they hail moved, for the pigeon is a
very cleanly bird. Aud ns these pigeons
flew away tho setting sun would throw sil
ver on their wings and gold on their
breasts. So you pee it was not a far
fetched simile or nn unnatural comparison,
when David, In my text, says to these
emaciated Israelites, and says to all these
who nre brought out of any kind of trou
ble into any kind of spiritual joy,
"Though ye have lain among the pi.ts, yet
shall ye be ns tho wings of a dove covered
With silver, and her feathers with yellow
I am going to preach something this
morning which some of you do not believe,
and that is that tho grandest possible
adornment is tho religion of Jesus Christ.
There are n great many people who suppose
that religion is a very different thing from
what it really is. Tho reason meu con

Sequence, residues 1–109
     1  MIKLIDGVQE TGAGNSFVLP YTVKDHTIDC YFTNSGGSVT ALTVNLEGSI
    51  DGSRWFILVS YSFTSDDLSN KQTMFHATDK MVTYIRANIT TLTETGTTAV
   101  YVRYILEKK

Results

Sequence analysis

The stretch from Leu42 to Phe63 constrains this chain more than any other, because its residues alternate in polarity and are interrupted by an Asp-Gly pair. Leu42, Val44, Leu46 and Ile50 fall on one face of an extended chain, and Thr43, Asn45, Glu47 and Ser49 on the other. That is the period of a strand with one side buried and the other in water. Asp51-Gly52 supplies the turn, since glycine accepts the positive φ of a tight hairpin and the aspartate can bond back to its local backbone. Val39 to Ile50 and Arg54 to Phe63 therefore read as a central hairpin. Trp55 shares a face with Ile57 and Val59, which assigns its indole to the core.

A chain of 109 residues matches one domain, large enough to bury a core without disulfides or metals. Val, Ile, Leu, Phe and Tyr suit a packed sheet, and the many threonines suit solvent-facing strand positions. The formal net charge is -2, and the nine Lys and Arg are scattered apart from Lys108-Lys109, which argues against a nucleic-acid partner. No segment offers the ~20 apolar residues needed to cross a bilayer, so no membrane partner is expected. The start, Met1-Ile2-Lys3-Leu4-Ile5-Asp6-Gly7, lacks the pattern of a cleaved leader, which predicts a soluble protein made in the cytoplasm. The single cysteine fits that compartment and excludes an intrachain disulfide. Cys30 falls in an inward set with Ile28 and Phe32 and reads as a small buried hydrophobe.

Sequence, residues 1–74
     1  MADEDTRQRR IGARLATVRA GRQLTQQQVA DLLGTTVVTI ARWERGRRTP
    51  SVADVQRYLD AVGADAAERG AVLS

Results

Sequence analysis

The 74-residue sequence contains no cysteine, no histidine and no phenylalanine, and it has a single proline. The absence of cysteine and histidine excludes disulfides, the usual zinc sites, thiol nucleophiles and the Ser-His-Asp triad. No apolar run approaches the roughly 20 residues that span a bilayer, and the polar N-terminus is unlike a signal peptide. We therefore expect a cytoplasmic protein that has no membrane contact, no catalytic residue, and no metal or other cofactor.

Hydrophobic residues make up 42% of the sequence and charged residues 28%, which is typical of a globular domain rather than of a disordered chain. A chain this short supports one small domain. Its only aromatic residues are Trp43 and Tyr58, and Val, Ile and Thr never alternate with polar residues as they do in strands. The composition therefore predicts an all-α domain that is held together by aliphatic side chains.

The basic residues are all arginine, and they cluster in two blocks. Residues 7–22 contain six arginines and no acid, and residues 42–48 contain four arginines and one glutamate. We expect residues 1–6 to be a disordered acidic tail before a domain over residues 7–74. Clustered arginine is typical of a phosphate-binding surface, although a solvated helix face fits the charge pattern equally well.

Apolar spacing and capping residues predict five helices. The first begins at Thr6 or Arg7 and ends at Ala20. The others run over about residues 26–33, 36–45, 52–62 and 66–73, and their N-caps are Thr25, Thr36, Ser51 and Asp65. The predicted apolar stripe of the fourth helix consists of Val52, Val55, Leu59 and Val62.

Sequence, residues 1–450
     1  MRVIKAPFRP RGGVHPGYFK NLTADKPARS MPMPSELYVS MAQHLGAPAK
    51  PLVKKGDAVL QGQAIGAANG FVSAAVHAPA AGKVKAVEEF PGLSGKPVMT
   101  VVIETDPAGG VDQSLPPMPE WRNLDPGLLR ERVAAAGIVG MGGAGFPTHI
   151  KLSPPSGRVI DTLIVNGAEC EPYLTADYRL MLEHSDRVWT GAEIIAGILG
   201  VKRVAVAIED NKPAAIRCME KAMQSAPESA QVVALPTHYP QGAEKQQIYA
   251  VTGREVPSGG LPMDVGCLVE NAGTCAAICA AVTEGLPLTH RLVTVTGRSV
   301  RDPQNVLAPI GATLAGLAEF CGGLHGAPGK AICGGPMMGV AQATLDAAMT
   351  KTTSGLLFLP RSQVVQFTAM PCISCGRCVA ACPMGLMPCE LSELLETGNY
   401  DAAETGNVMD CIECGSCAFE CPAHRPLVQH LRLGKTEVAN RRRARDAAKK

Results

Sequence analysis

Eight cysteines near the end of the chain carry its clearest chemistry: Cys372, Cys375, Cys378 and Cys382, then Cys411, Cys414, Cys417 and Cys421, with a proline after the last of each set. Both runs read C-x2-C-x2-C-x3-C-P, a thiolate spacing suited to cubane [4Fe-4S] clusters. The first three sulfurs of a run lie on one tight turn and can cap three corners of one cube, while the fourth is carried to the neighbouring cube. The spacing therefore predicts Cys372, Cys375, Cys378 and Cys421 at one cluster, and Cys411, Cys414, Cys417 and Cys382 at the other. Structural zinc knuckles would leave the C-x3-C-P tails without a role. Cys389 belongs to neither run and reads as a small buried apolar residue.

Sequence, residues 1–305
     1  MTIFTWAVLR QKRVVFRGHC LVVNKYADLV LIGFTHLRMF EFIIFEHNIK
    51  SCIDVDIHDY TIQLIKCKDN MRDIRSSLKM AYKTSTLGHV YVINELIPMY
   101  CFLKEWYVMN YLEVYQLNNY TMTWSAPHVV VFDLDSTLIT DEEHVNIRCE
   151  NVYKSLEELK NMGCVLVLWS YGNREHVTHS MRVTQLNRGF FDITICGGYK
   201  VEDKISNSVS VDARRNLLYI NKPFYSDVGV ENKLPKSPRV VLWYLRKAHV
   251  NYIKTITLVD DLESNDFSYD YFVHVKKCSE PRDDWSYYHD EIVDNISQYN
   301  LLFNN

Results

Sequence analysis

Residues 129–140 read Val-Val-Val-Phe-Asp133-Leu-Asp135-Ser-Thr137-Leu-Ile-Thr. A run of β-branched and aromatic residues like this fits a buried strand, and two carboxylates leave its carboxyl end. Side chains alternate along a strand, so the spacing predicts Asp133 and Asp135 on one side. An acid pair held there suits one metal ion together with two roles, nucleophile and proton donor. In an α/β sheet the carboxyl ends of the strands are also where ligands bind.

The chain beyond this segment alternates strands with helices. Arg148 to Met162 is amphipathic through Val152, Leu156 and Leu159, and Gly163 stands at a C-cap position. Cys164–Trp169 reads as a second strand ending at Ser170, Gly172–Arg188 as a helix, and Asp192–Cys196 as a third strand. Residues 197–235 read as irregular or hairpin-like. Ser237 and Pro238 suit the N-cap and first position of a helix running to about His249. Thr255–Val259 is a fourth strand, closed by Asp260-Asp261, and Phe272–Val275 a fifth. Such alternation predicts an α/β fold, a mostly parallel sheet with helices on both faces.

demn the Uioie is because they do not un
derstand the Ihble; they have not properly
examined it. Ir. Johnson said that Iltituo
told a minister in his bishopric of Durham,
that Mo had never particularly examined
the New Testament, yet all his life warring
ngainst it. Halky, the astronomer, nu
niiunced his skepticism to .Sir Isaac New
ton, and Sir Isaac Newton said: "Now,
sir, 1 hnvo examined the subject, and you
have not, and I am ashamed that you, pro
f"ssiug to le a philosopher, consent to con
demn a thing you never examined." And
so men reject the religion of Jesus Christ
because they really havo never Investigated
it. They think it something impractical,
something that will not work, something
Pccksniflinn, something hypoeritienl.some
thing repulsive, when it ii so bright and so